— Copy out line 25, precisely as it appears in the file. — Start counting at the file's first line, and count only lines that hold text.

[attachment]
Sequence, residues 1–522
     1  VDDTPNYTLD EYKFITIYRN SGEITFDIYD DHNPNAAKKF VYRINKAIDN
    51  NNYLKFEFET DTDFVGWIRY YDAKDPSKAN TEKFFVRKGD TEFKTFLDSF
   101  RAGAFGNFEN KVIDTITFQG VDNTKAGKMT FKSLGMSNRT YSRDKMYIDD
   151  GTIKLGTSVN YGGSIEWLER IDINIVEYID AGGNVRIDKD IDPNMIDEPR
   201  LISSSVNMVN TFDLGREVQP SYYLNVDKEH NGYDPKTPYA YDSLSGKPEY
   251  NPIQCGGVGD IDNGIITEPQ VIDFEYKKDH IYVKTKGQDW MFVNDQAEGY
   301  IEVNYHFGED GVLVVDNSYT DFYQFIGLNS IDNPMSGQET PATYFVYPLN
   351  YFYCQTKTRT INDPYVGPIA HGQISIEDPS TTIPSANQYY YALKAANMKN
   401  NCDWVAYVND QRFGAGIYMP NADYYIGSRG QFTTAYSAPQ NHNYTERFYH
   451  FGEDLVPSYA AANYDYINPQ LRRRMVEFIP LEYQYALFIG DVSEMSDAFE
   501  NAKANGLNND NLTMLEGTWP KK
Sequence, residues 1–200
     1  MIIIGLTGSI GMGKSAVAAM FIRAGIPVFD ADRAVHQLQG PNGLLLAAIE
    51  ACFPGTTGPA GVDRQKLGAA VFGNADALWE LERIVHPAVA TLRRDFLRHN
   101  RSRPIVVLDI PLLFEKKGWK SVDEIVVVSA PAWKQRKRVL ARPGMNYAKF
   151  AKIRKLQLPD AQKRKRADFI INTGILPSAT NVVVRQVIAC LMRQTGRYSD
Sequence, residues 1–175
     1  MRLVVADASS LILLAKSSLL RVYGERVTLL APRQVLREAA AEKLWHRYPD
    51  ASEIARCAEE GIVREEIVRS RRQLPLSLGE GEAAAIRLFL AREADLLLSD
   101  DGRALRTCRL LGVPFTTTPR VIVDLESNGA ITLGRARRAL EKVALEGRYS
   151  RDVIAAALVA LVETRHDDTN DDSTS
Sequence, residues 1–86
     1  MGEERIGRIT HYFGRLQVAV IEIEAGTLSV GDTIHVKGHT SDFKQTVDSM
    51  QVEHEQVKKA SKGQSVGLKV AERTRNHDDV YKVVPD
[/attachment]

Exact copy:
    51  QVEHEQVKKA SKGQSVGLKV AERTRNHDDV YKVVPD